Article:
By Samuel Huntington
Runners slowly migrated in after completing the annual LA Marathon from Dodgers Stadium to the sea.
In keeping with tradition, the festival area served as final resting place for the runners, a place to relax, recline, laugh and cry, and breathe a deep sigh of relief.
Men and women of all walks of life and all ages passed through, many sporting mylar blankets, holding onto squeezable drink bottles and tearing into fists full of protein bars as they worked to recharge their spent batteries. They all shared a critical piece of hardware, a large silver finisher medal worn proudly around their necks.
Running a marathon is not for the faint of heart. It requires commitment, determination, and true grit. It also requires a simple idea that’s been uttered by men throughout the ages. “Why not me?” Inside the finisher circle the Why not Me crowd was busy hanging out with family and friends, sharing hugs of congratulations, sighs of relief, and the feeling of satisfaction that comes at the end of a long journey.
“I feel good. I feel like I achieved a big accomplishment today so I feel proud,” said Claire Cronenweth of Pasadena, who had been training for the event since Thanksgiving.
“It went really well. I had my best time yet,” said Chris James, completing his third LA Marathon. “I was feeling pretty good until about mile 22 and that’s when the wall started to hit but I said ‘alright kick it into gear and try to get to the finish line faster.’”
Asked how he was feeling now that it was over he replied, “I feel great. It doesn’t ache as much because I feel happy that it’s done.”
James worked his way up to marathons, on a mission of “wanting to beat himself.”
That sentiment was echoed by many runners in Santa Monica. The idea that the greatest competition is the competition within themselves, even when faced with obstacles and limitations.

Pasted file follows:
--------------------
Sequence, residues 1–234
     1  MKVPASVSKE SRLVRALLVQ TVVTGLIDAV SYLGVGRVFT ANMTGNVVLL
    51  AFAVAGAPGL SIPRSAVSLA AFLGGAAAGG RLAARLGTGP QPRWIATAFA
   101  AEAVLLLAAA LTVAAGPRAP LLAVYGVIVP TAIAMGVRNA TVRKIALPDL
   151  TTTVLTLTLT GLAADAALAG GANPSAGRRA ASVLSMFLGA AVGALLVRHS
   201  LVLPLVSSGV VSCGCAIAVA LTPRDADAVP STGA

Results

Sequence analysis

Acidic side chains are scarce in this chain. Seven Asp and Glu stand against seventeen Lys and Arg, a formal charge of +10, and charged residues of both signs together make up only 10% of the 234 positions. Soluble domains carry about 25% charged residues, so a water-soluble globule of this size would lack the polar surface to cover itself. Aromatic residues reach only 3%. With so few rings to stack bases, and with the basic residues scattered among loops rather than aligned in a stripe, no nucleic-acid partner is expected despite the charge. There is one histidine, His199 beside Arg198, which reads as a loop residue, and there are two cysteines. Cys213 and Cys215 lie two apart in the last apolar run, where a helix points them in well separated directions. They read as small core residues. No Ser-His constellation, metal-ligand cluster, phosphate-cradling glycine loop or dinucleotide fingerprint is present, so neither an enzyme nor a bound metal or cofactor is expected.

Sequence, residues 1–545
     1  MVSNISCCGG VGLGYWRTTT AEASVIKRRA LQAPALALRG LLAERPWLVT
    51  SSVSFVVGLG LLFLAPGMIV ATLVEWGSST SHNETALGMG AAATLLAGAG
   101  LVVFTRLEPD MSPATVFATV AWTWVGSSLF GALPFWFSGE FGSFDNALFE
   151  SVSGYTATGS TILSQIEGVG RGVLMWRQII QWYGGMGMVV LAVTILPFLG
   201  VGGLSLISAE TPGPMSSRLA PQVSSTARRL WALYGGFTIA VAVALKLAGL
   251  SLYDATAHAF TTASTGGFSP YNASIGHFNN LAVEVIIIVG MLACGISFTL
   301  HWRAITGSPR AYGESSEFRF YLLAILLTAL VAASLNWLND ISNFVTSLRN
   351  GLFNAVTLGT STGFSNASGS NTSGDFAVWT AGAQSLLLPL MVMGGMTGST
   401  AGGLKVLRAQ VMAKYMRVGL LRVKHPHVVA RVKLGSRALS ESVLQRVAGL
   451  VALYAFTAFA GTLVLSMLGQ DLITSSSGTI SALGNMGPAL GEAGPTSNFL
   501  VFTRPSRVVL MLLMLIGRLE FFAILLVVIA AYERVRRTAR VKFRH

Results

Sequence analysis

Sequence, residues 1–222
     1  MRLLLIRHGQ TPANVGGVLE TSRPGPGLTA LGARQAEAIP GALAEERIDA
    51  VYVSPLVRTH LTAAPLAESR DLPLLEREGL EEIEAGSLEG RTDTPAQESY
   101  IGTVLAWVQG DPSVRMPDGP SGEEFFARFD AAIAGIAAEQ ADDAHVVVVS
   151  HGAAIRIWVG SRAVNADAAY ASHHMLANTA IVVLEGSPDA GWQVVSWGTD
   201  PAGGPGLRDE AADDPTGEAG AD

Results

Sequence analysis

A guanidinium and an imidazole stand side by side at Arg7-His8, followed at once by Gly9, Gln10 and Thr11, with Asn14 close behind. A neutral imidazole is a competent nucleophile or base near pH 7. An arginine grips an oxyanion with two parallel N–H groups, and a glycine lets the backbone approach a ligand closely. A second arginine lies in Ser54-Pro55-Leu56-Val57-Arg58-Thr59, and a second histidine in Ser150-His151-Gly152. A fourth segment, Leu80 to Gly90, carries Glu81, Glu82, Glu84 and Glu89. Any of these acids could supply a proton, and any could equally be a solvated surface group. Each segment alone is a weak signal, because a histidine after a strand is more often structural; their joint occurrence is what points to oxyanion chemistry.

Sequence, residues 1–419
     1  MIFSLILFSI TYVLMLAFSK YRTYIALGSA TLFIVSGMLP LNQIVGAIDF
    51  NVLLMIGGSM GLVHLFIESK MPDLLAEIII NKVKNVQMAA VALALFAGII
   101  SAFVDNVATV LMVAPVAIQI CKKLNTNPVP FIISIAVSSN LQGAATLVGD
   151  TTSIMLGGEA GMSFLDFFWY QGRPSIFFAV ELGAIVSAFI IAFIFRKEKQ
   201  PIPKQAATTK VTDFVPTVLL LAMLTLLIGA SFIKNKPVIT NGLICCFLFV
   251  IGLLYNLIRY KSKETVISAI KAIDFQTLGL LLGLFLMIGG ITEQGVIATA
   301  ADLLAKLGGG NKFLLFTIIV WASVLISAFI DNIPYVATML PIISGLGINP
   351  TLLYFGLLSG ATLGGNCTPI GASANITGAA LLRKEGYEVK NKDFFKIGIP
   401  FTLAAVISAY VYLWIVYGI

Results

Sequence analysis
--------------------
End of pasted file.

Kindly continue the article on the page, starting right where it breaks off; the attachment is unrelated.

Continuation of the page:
A handsome gentleman in his early 50s with dark hair and dark eyes resting near a stoop by the beer garden seemed frustrated by his performance. He mentioned that his training had gotten off track. Asked what could be attributed to that he shrugged his shoulders and pointed down to his ankle, “and this probably didn’t help,” somehow forgetting that he had just completed a marathon despite running on a swollen ankle.
Another gentleman in his mid-40s, originally from Germany, mentioned that it was the second time that he had run the marathon but the only the first time in four years. Turns out that over that time he had endured two ACL surgeries, a quiet reminder that oftentimes the greatest battles are the ones that take place within and that sometimes the pursuit of a goal is greater than the victory itself.
For the younger James, training is part of the event. “It feels great,” he said of preparation. “You’re done with work and you want to have a little bit of time to yourself, you just on your iPod and cover three miles and you’ve gotten your exercise.” Asked how his knees were he knocked on the hard cartilage area of his knee and smiled before saying, “Right now they’re still intact.”